Asset owners eye distressed bets in alternatives

Private debt and secondaries are gaining favour as inflation and interest rates shake up private markets, a State Street survey shows.
Asset owners eye distressed bets in alternatives

Elevated borrowing costs are leading Asia Pacific asset owners into private debt and secondaries while the equity side of alternatives is feeling the pinch of relatively higher interest rates, an institutional investors survey by State Street shows.

Eric Chng
State Street

As increasing demand is seen for private debt and to some extent secondaries, this development comes down to dry powder, according to Eric Chng, global head of hedge commercialisation and head of alternative solutions for APAC and Middle East at State Street.

“Private credit is increasingly filling in the funding gaps that supports the valuations of the private equity segment in general. They do this with a nimbler approach as compared to traditional bank-led financing and can take a longer term view of their debt portfolios,” he told AsianInvestor.

Around two-thirds (65%) of Asia Pacific respondents in the survey agreed that elevated borrowing cost is a key challenge and will continue to negatively affect the attractiveness of leveraged private market investments.

Only 53% in Europe and 56% in North America believed so, the State Street survey “2024 Private Markets Outlook” showed.


With elevated borrowing costs, leveraged buyouts and highly leveraged companies will struggle as debt needs to be refinanced and the strength of their balance sheets will be a key focus.

“Companies that have pricing power to capture inflation adjustments will continue to be hedged as their ability to generate quality revenue streams ensures they have access to funding,” Chng said.

The leverage is not disappearing, but instead leverage is being diversified away with new pools of capital. This in turns supports the general private equity valuations that the market is seeing.

“Many large LPs are seeing the near-term valuations stress as an opportunity to acquire assets at better valuations. Hence the demand for private and secondary deals remains strong but the due diligence process is taking much longer as buyers try to get the best deal,” Chng said.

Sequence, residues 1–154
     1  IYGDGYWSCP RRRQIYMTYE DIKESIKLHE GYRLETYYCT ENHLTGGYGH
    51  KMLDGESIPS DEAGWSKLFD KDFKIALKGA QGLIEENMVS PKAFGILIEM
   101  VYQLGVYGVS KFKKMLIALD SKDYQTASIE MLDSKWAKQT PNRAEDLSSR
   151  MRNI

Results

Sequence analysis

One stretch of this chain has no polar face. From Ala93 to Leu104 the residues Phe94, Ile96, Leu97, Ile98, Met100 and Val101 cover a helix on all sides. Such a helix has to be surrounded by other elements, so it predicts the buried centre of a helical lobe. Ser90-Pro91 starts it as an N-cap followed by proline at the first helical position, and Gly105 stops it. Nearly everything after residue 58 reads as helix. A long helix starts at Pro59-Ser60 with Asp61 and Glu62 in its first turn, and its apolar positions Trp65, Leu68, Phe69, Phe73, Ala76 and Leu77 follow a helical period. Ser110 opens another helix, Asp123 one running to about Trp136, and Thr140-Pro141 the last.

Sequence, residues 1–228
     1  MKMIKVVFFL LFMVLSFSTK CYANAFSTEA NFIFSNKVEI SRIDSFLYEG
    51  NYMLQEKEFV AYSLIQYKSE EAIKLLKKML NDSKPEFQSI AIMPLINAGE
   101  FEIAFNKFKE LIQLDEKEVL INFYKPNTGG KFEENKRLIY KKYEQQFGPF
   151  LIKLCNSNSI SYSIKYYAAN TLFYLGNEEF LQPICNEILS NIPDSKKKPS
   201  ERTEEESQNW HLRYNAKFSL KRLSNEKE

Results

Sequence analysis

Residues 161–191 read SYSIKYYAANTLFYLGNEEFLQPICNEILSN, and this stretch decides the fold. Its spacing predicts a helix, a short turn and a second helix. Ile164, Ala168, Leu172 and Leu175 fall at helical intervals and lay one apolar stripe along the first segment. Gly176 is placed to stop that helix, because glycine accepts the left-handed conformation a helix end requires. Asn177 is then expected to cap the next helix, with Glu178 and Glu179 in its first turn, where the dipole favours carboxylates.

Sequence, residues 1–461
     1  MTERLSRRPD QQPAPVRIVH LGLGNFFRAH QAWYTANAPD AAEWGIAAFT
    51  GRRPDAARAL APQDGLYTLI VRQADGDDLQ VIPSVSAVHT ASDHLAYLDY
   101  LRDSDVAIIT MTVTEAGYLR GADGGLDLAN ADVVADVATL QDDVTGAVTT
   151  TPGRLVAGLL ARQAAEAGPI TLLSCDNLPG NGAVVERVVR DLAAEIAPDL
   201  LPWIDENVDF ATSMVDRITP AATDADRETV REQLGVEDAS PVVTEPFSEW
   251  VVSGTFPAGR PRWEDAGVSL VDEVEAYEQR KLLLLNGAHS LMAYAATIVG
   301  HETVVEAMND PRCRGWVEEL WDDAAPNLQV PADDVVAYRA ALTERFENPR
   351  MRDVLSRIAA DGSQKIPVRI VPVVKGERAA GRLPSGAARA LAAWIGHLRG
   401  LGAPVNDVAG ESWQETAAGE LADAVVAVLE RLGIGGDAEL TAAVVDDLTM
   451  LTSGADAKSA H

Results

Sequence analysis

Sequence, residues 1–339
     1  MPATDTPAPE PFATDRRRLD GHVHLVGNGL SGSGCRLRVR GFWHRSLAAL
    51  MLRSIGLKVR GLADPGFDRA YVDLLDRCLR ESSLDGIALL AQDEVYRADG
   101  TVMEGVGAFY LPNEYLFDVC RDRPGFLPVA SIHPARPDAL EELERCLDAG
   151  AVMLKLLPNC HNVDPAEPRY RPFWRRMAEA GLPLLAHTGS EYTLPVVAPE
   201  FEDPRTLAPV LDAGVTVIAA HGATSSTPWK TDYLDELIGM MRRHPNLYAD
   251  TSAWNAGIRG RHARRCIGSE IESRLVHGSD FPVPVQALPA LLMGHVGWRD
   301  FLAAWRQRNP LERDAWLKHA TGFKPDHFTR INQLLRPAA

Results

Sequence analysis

He observed that sellers are becoming more realistic, as the survey showed that 66% of Asia Pacific respondents believe that secondary sales will pick up as a means of freeing liquidity.


The faith in lower borrowing costs in Asia Pacific anytime soon are low as interest rate cuts are not the expected scenario.

Fewer than half (42%) of Asia Pacific respondents said they thought inflation had peaked in their region, compared to more than two thirds (68%) in North America and nearly three quarters (70%) in Europe.  

The diversity of Asia Pacific economies creates a muddled picture with different countries facing varying levels of inflationary pressures. China, which is the largest economy, is continuing to slow down in terms of GDP growth, for instance.

“As the US dollar further strengthens with interest rates remaining high, economies dependent on trade will see inflationary pressures persists in the short to medium term, Chng said.

This is unlike the US trend where inflation is coming down to more controllable levels, although still above the 2% Fed target rate, and in Europe where the major economies are showing signs of inflation easing.

Private equity remains one of the favoured asset classes, the survey showed. However, distributions have been falling as valuations continue to fall, Chng pointed out.

“LPs are therefore increasingly focused on track record and favouring large GPs with specialist areas for deployment. The demand for transparency and look through data is becoming central amongst the many heightened due diligence requirements,” he said.


The survey did indeed show that private debt is the most appealing alternative assets for Asia Pacific investors over the next one to two years, with 78% planning to increase allocation to the asset class. That is higher than the overall 71% average globally.

“Liquidity management will increasingly become a key focus area for strategic asset owners. As the levels of distribution remains depressed, the traditional dependence on distributions to fund new commitments will become a challenge,” Chng said.

According to State Street research, average distributions has been falling from December 2021 and remains depressed.

The study, commissioned by State Street and conducted by CoreData Research, surveyed 480 respondents from traditional asset managers, private market managers, insurance companies and asset owners across four regions, North America, Latin America, Europe and Asia Pacific. 120 of the survey respondents are based in the Asia Pacific.

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